This summary of age discrimination law in the Czech Republic has been prepared by Randl Partners, the Ius Laboris member for the Czech Prepublic: www.randls.com
Age discrimination in Czech law is regulated together with other types of discrimination such as gender discrimination, racial discrimination and religious discrimination. There are three basic laws prohibiting discrimination in labour and recruitment relationships. The Labour Code (Act No. 262/2006 Coll.) prohibits discrimination in relationships between employers and their employees while discrimination during recruitment is prohibited by the Employment Act (Act No. 435/2004 Coll.).
The third basic law against discrimination which the Labour Code refers to contains only the general ban on discrimination, the Anti-Discrimination Act (Act No. 198/2009). This Act has been part of the Czech legal system as of 1 September 2010. It contains grounds on which discrimination against an individual is prohibited. Age is amongst these grounds. Direct discrimination as well as indirect are prohibited, together with harassment, victimisation, instructing another to discriminate and inciting discrimination.
Discrimination is justified if there is a genuine and determining occupational requirement. Discrimination might be justified,for example, by the nature of particular occupational activities. All justification must be legitimate and adequate.
Age discrimination is prohibited in all labour relationships. It relates not only to employees working on the basis of employment contract but also to those working on the basis of agreements on work performed outside employment law relationship as well as on agency workers.
Both young and old are protected.
What enforcement / remedies exist?
According to the Anti-Discrimination Act, an employee who has been discriminated against or whose rights to equal treatment have been harmed is entitled to demand that the employer desist, provide rectification of the consequences and provide appropriate satisfaction. If an employee's dignity or reputation at the workplace is substantially harmed, he/she may claim monetary compensation. The amount of monetary compensation depends on the court’s consideration. There is no limit of compensation for discrimination.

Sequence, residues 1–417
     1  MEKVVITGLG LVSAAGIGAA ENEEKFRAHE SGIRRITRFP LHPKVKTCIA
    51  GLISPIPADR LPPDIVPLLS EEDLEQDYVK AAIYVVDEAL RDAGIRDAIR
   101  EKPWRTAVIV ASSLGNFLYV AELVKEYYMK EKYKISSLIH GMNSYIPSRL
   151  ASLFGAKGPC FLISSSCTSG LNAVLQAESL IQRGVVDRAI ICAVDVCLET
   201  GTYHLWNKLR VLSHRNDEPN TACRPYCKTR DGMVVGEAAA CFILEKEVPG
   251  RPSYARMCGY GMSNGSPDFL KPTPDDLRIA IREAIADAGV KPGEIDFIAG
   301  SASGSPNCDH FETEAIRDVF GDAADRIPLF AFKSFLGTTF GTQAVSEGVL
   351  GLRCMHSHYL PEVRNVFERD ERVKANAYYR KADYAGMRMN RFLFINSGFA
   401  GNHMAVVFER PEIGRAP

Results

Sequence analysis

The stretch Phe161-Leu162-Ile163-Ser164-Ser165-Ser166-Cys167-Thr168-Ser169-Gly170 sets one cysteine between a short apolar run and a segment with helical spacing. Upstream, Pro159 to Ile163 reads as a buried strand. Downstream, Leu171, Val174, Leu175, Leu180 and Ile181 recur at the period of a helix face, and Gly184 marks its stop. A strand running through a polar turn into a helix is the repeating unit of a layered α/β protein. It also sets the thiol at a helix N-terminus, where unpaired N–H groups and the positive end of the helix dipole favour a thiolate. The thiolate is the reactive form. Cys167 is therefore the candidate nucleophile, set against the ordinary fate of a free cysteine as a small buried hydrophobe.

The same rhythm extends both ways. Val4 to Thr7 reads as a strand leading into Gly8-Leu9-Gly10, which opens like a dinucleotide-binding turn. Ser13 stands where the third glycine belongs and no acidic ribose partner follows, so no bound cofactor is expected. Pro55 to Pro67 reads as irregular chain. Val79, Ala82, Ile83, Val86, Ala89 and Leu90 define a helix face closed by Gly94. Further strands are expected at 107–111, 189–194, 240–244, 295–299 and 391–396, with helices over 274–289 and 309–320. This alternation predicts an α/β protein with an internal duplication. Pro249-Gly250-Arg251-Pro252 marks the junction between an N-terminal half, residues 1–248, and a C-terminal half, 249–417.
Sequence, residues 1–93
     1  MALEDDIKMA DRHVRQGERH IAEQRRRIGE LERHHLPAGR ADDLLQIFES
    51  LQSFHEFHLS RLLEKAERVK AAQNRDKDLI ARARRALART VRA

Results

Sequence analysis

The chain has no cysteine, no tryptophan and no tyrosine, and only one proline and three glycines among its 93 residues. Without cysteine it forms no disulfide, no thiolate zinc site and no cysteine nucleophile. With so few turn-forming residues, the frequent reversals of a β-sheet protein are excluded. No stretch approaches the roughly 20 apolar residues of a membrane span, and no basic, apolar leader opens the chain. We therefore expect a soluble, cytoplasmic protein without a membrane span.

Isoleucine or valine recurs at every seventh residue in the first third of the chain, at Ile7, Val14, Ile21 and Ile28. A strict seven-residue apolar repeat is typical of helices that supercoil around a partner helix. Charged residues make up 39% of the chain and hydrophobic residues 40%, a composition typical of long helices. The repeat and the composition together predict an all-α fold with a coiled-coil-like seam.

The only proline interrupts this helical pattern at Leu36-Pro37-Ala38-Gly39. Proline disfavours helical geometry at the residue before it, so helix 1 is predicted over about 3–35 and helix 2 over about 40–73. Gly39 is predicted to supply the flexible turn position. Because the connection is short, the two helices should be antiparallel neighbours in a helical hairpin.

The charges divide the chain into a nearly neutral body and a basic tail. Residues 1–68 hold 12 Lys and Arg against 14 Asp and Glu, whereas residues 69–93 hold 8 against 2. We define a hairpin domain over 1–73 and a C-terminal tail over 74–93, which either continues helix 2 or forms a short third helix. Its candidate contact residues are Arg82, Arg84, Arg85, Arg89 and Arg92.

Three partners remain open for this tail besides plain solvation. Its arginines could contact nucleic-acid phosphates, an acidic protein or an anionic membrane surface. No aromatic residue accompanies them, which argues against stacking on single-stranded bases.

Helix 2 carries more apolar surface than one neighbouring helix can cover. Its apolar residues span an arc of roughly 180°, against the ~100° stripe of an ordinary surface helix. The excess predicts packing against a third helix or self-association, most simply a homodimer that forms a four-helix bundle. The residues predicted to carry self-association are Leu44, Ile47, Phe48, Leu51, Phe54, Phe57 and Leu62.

The Employment Act allows for fines for employers who breach the ban of discrimination. The maximum fine that may be imposed is CZK1,000,000 (€40,000). The Work Inspection Act (Act No. 251/2005 Coll.) further enables the fining of an employer who discriminates against employees (irrespective whether on the basis of age or any other reason). The maximum fine imposed due to discrimination according to the Work Inspection Act may be CZK1000,000 (€40,000).
Disputes arising from discrimination are solved by the ordinary courts. There are no special employment courts or bodies in the Czech Republic.
There are no criminal sanctions for age discrimination.
How common are claims?
Discrimination claims are rare in the Czech Republic. This is caused by duration of the court procedures, high costs of court proceedings and the fact that employees are not generally accustomed to protect their rights in court.
What claims are most common and what are trickiest issues for employees?
As already mentioned there have been only a few age discrimination claims in the Czech Republic. These were mostly connected either with recruitment process when the job applicant was not hired because of age or with termination of employment due to organisational changes where an outcome of such changes was termination of employment of older employees.
In general, blue-collar employees are usually unaware of their rights, are afraid of losing their jobs and do not want to spend their money on lawyers and legal proceedings. White-collar employees are on the other hand much more aware of their rights and are more willing to defend them. The risk of a legal claim from these employees is therefore higher. Of course where an employee has trade union representation, often access to legal information through trade union lawyers is easier.
Are there any specific exceptions in your law?
Generally, there is no retirement age in the Czech Republic which would allow the employer to terminate the employment with the employee after his reaching a certain age. However, some employees must retire at certain age according to special laws. This is mostly the case for employees providing public services such as judges, public prosecutors and civil servants under the Act on civil service (Act No. 234/2014 Coll.) who must retire at 70 or professional soldiers who must retire upon the statutory retirement age.
As already mentioned above discrimination cases are very rare in the Czech Republic. The most important one was considered by the Czech Constitutional Court. The court in this case ruled that company reorganisation resulting in the dismissal of older employees and subsequent hiring of younger employees may be considered discriminatory even when the particular dismissal is valid, based on lawful grounds and objectively justified. This ruling was issued on the basis of statistics which showed a substantial difference between the ages of the dismissed employees and the hired ones (80% of dismissed were older than 50 and 93% of hired were younger than 28). On the other hand, the court also stated that it is not possible to reach the absolute balance of effects of organisational changes on all groups of employees.